UMAN, Ukraine — Yasmina Vladimirovich and her baby have fled deep underground, but they still don’t feel safe from the Russian bombs raining down above them.
“All the time we hear the bombing and shooting and we don’t know how to sleep and how we will live tomorrow,” the teacher said as she huddled with her 5-month-old in a basement near the center of Kharkiv, Ukraine's second-largest city. “I hear the sounds of falling bombs. We are in very big danger.”
Swaddled in blankets and a sky-blue wool cap, Tymur stayed peacefully in his carriage, seemingly oblivious to the events swirling around him. Vladimirovich, 31, has been sheltering with neighbors and family, with one man holding a chihuahua in his lap.
The group heard bombing until late Tuesday morning, and Vladimirovich said she was afraid to sleep amid the sounds of explosions and gunshots overhead.
“You never know where Russians are bombing,” she told NBC News in a video sent via WhatsApp.
Russian shelling of the city in the northeast of Ukraine intensified early Tuesday, in an apparent escalation of Moscow's assault.
As the group of eight hunkered down in the basement, a missile destroyed parts of the regional state administration building, killing at least 10 people including one child, and injuring at least 20, according to officials and emergency services. The building stood at the city’s center, on Freedom Square.
“The center of our city is destroyed,” Vladimirovich said, adding that Putin was killing ordinary people.
The new mother said she was running low on baby food, and was without any fuel or money to leave the city. The group, she said, was unsure how, and whether, they will leave their shelter.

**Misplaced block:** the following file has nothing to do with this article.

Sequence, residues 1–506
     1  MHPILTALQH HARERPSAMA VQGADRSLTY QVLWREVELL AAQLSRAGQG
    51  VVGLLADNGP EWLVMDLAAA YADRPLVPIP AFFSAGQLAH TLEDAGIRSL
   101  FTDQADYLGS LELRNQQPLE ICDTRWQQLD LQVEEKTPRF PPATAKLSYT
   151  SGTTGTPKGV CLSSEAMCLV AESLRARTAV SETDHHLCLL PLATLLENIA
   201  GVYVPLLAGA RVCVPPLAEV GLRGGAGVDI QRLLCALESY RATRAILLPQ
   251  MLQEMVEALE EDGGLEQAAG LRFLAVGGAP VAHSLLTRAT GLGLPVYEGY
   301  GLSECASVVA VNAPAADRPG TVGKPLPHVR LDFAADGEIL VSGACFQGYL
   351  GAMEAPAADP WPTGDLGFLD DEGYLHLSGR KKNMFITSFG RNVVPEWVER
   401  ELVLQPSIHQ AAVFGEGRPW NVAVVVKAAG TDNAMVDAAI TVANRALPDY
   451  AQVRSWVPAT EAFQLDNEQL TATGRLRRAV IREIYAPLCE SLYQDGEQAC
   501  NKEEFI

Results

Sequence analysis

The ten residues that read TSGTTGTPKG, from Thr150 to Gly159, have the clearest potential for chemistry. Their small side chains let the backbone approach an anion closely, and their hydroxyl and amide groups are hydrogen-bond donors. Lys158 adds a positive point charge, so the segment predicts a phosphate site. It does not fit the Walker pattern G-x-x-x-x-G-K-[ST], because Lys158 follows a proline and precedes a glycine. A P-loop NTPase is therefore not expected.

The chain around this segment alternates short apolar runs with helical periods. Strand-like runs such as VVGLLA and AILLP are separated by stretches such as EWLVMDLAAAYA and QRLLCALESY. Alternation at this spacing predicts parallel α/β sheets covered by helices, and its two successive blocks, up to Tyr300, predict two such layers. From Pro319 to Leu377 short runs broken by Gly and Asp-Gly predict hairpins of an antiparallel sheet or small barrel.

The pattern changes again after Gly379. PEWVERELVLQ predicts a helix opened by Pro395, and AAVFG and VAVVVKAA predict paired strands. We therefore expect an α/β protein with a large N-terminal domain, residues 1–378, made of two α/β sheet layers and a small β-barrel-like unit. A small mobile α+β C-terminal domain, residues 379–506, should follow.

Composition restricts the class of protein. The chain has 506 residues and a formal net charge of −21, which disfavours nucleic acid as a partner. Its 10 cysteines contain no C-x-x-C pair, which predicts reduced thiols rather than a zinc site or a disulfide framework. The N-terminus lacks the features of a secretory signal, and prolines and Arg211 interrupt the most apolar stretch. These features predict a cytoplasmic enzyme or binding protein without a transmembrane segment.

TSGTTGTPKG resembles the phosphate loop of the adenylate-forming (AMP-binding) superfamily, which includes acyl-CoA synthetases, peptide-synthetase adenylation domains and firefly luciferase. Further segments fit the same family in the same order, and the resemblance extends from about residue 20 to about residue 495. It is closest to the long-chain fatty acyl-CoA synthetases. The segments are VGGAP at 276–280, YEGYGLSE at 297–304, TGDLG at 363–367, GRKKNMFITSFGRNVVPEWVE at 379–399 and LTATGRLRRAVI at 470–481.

Elsewhere in Kharkiv, Sergei Shpak, 28, a website developer, was sheltering from the fresh attacks in his neighborhood subway station. Shpak, his wife and his 1-year-old son have been living in the station for two days, after seeing Russian soldiers on the streets.
“We saw them from our windows. It was very scary,” he told NBC News in a voice message.
During his stay underground, Shpak said he navigates the city through its train tunnels, scouring the streets to find food, water and medicine for his family and other children who are also in the station.
The task took him up to eight hours a day. Video from the city shows supermarket shelves emptied of food.
Since Tuesday's renewed attacks, Shpak said he has decided to leave Kharkiv with his family. But his plans to leave his home city are temporary.
“I decide to help my family to leave this country. After that I want to return to Kharkiv to join the army and help our troops,” he said.
Mo Abbas reported from Uman, Ukraine; Rhoda Kwan reported from Taipei, Taiwan.